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LinkedIn Breach

As many of you have heard, LinkedIn and Eharmony were hacked this month. LinkedIn lost 6.4 million password hashes. The hash is the result of running your password through an encryption algorithm. This algorithm cannot be reversed, so you cannot take the hash and run it back through an algorithm to get the password. Hashing is one way only. However, because LinkedIn didn't salt the hash, their hash table was vulnerable to a standard dictionary attack, and within a few days over 60% of the table was decoded.

So, people could have access to your LinkedIn account. If the hackers can match those to email addresses, then expect those passwords to be used to try and get into gmail accounts, yahoo accounts, Amazon accounts, Paypal accounts, and any other major accounts. The full 6.4 million hash table was posted online for everyone to work on. Some experts expect 95% to get cracked eventually.

Rules to prevent you from being vulnerable

  • Do not use the same password on multiple sites.
  • Use long passwords using uppercase, lowercase, numerals and symbols if possible. My LinkedIn password uses all 4 types and is 46 characters long. This means there are 9,547,322,545,835,206,952,727,974,004,750,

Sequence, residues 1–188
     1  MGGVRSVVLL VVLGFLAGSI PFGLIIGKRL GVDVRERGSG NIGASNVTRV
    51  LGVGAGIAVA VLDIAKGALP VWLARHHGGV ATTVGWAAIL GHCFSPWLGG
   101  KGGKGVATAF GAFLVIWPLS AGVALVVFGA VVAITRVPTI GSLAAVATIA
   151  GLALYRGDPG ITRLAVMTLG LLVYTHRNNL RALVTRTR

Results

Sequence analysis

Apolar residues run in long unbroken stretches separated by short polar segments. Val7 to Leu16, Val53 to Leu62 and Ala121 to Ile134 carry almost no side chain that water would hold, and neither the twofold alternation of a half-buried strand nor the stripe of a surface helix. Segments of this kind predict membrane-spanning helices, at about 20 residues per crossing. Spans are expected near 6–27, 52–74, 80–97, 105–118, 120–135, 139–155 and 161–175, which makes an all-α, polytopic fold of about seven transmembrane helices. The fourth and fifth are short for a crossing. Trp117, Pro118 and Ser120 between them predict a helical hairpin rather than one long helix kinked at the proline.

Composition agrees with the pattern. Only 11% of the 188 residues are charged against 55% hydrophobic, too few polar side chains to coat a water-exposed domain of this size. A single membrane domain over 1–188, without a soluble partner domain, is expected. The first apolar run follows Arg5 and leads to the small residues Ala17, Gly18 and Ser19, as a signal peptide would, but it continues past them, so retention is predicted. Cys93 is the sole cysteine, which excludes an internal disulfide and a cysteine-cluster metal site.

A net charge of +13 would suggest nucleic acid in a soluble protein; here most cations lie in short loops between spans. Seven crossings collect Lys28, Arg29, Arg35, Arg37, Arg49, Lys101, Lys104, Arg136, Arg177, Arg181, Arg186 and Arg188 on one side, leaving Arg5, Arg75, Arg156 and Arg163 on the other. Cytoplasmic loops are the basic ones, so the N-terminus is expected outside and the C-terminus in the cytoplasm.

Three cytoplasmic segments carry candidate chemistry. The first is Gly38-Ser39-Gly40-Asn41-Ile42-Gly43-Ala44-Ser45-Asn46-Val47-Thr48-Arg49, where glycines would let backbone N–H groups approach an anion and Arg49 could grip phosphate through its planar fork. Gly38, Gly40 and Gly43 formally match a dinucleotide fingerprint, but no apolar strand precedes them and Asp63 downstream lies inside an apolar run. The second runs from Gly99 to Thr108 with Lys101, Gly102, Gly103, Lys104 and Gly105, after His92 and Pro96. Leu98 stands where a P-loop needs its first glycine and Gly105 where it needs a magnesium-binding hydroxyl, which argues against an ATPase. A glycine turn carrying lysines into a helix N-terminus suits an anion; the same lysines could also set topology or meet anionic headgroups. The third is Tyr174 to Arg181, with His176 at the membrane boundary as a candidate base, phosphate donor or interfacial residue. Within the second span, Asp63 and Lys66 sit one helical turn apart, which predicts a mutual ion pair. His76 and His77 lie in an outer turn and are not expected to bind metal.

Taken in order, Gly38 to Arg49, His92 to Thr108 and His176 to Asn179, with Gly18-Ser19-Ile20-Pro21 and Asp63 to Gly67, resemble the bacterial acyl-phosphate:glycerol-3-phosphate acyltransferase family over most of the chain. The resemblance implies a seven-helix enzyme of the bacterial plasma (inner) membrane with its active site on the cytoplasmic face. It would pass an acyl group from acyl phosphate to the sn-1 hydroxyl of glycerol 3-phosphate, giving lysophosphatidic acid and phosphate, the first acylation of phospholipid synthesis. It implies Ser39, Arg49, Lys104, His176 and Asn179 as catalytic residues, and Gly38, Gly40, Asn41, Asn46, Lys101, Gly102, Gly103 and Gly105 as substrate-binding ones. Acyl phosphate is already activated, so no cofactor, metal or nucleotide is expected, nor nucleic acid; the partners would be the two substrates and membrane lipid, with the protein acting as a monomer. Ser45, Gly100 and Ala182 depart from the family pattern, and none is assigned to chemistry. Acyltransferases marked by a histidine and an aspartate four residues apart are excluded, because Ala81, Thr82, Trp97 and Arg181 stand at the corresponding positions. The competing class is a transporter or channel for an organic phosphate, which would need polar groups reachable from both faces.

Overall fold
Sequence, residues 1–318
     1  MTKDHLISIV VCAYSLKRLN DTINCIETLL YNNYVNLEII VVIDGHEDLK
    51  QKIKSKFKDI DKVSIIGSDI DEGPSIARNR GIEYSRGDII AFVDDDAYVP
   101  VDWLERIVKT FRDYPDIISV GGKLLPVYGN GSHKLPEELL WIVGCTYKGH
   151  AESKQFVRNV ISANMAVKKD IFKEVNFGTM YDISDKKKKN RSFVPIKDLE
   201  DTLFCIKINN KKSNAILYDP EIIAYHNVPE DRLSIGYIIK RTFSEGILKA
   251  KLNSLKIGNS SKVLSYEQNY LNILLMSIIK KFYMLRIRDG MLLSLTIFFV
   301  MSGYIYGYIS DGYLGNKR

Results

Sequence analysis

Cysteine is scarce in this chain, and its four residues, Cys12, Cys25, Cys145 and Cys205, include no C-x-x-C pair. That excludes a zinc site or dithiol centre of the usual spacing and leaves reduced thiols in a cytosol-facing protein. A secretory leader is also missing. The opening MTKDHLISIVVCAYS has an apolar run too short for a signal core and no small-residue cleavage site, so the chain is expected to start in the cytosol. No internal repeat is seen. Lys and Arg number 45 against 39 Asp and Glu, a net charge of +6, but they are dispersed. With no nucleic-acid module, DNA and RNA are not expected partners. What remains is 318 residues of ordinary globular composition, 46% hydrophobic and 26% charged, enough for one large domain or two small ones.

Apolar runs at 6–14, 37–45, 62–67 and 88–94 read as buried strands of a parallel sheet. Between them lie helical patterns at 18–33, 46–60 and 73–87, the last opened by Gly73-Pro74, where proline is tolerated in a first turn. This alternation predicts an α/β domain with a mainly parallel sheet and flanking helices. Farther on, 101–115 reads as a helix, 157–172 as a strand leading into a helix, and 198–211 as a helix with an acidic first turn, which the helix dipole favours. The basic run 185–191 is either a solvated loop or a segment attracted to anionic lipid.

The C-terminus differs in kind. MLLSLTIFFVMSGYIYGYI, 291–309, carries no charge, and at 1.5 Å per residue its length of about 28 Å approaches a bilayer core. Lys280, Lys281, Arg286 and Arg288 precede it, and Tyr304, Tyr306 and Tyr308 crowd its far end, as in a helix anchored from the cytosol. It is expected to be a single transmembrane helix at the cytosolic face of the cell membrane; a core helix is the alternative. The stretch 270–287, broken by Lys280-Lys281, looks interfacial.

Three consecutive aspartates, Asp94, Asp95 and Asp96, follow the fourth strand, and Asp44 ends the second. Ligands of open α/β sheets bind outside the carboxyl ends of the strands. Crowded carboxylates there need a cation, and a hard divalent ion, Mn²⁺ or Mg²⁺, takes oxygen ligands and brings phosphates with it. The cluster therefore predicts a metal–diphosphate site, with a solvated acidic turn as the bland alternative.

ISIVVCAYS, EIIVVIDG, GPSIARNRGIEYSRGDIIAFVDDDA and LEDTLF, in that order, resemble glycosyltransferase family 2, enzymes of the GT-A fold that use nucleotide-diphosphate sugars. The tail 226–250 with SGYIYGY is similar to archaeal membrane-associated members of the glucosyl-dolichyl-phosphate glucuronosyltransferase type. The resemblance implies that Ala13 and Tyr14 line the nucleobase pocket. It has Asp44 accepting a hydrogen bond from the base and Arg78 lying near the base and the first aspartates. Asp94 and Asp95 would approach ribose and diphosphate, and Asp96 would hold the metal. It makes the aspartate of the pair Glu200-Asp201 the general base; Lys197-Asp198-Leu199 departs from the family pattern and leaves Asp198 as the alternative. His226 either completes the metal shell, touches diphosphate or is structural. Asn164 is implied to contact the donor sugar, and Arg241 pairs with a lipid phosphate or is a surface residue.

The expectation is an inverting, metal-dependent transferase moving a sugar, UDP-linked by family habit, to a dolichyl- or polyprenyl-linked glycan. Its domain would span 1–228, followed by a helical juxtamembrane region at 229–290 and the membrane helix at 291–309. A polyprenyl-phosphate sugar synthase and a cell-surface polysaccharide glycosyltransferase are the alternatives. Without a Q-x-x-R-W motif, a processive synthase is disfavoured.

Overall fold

(9.55 x 10^90) possible passwords that would need to be tested to find mine. An offline attack which could test 100 billion passwords per second would take 30.36 billion trillion trillion trillion trillion trillion centuries to crack my password. I wasn't worried.
  • Use a password safe. Password safes will store all your passwords encrypted and will generate random passwords which you can use for websites. They will also make it easy to enter those passwords into websites. I recommend KeePass. So, to access my LinkedIn account with my impossible to crack password, I open Keepass and find the linkedIn entry. I double click on the URL in Keepass which launches the website. Then I press CTRL-ALT-A which fills in the username and password. That's it. I have no idea what the password is. Other good password safes are Lastpass and Roboform.

I've written about using secure passwords and password safes before. Here is an article on making good passwords. Here is one on making passwords that you can type in small form factor devices like phones, and here is using Keepass to make passwords. This article is an introduction to Keepass and this one shows you how to setup a Hotkey login with Keepass, so the username and password are entered automatically.

Date: June 2012

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